The elusive “Metal Gear” snake has been in the wild for decades, weaving its way in to and out of peoples homes and often leaving them with quizzical faces and smashed video game controllers. This particular breed of snake has been known to be confusing and intimidating to those unfamiliar with its ways, often eliciting cries of “That’s so Japanese!” for these very reasons. But for those who love and care for the “Metal Gear” breeds of snakes, this week is a big one, boss.
Ok, I’ve got nothing left. Metal Gear Solid 5: The Phantom Pain comes out this week. I have no clue what’s going on with this game series, but it sure looks purdy. Unfortunately, our resident MGS expert is dealing with a 4 month old and may not be able to chime in and guide us in those weeks launch festivities. I’ll be partaking from the sidelines, where it’s nice and safe.
Tuesday, 2:55 pm – Gavin
Metal Gear is one of those series I never had a chance to enjoy. Not being of the Playstation ilk, I never got to experience the series in its heyday, and so never had any burning desire to catch up on its later incarnations. I heard that MGS 4 was a solid installment, but again, same problem – no PS3. Combine all of that with some of the negative things I’ve heard about the series (excessive cutscenes, weird problems with women, obscurely Japanese design decisions), I’ve generally sat out the series without issue.
With Phantom Pain releasing to glowing reviews, I have to admit I’m a just ever so slightly curious, but I know I’ll hit a wall with not knowing anything about the series. I’ve got a very particular taste for tactical espionage and stealth games – Splinter Cell and Deus Ex have done them so well that it’ll be tough to match. To that end, having played Splinter Cell: Chaos Theory really threw me for a loop because all stealth games are inevitably compared to that one.
I’ve been playing The Legend of Zelda: Skyward Sword for a few weeks now. I’m about 30 hours into it or so, just about to enter the Fire Sanctuary. When I first played it, I was a staunch defender of the game.. It was one of my favourites of 2011 – #2, in fact – just behind Deus Ex: Human Revolution. The motion controls were generally flawless for me, I loved the art style and dungeon design, and just generally had a lot of fun with it.
As I’m replaying it though, I’m noticing a lot of flaws that I glossed over last time, and that people had been pointing out before. I’m finding that the controls are bit more finicky this time (replaying on Wii U – I’ll be damned if I could get the harp to work properly this time, whereas on the Wii, I got everything right first try, more or less), Fi is super obnoxious with the “calculated percentages”, and I suppose worst of all, I’m really noticing a lot of terrible lazy tropes.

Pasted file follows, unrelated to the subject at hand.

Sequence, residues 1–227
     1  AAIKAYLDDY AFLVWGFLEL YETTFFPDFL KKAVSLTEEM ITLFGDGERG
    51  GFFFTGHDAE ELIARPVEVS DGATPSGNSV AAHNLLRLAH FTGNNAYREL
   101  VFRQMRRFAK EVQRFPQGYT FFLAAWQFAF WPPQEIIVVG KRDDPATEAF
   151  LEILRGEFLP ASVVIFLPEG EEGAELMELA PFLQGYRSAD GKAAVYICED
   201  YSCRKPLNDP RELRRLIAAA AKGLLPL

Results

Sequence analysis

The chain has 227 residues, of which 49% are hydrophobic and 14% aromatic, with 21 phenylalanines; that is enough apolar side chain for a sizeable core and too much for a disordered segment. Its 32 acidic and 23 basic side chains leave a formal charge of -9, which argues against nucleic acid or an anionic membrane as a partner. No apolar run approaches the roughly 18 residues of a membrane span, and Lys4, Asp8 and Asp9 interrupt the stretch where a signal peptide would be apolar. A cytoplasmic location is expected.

I’ve already done the three powerless Silent Realm areas, which are interesting on paper, but in reality they just weren’t fun because they’re so stressful. I know that I have a forced stealth section coming up. But man, the worst is that I’ve just retrieved the water basin from the Water Dragon and had to do a terrible escort quest. To clarify:
Skyward Sword’s world is a series of areas connected by a Sky overworld. You fly around on your giant bird and drop into these areas on the ground. You start at one area and make your way around the ground areas. At each save statue (there are a handful throughout the world), you can fly back up to the sky, and you can select which statue you want to drop down to – a modified, slightly slower fast travel.
I had navigated my way to the top of the Eldin Volcano and needed to extinguish some flames with a bit of water. You find this water in one of the other ground areas, in a giant basin, and your robot sidekick, who’s an absolute asshole to you for no reason except that the writers thought that it would be funny, hauls the basin away.
However, when you drop back down from the Sky to the volcano, the game doesn’t let you choose which statue you want to drop to. Instead, the game forces you to the bottom of the volcano – highly irritating. So I get to the bottom of the volcano and Scrapper, that little piece of shit, he tells me that he won’t carry the basin up to the top because it’s too heavy (even though he was able to lift it from Lake Floria and carry it into the Sky), but that he’ll haul it if “we play a game” and I escort him up the volcano while protecting him from damage.
It’s such a hackneyed trope, but more so than that, it’s so forced and awkward that it’s ridiculous. “You can drop to any save point on the map, except for this one time, but there’s no good reason for it.” Combine that with a stupid robot that won’t get out of the way of enemy attacks and it’s obnoxious. Fair play that Scrapper has a good amount of health, but nonetheless, there’s no logical requirement for this escort quest. It’s just crammed into the game for literally no reason except to have Scrapper continue to be a piece of shit to you.
I still do like Skyward Sword. It’s just that while the highs (dungeon design, music) are GREAT, the lows (stupid bullshit like the escort quest) are really low.
Monday, 9:55 am – Ricky
Instead of Metal Gear, I’ll keep playing The Witcher 3, which on the surface may appear to be equally confusing and intimidating, and while that might have been true for the first two entries of the series, this third entry has all the modern conveniences we’d expect from a 3rd person action-RPG-adventure game. I still feel like I’ve barely scratched the surface of the game, and I’m 25 hours in. At this rate, I’ll be playing the game well in to the new year.
I don’t mind that one bit.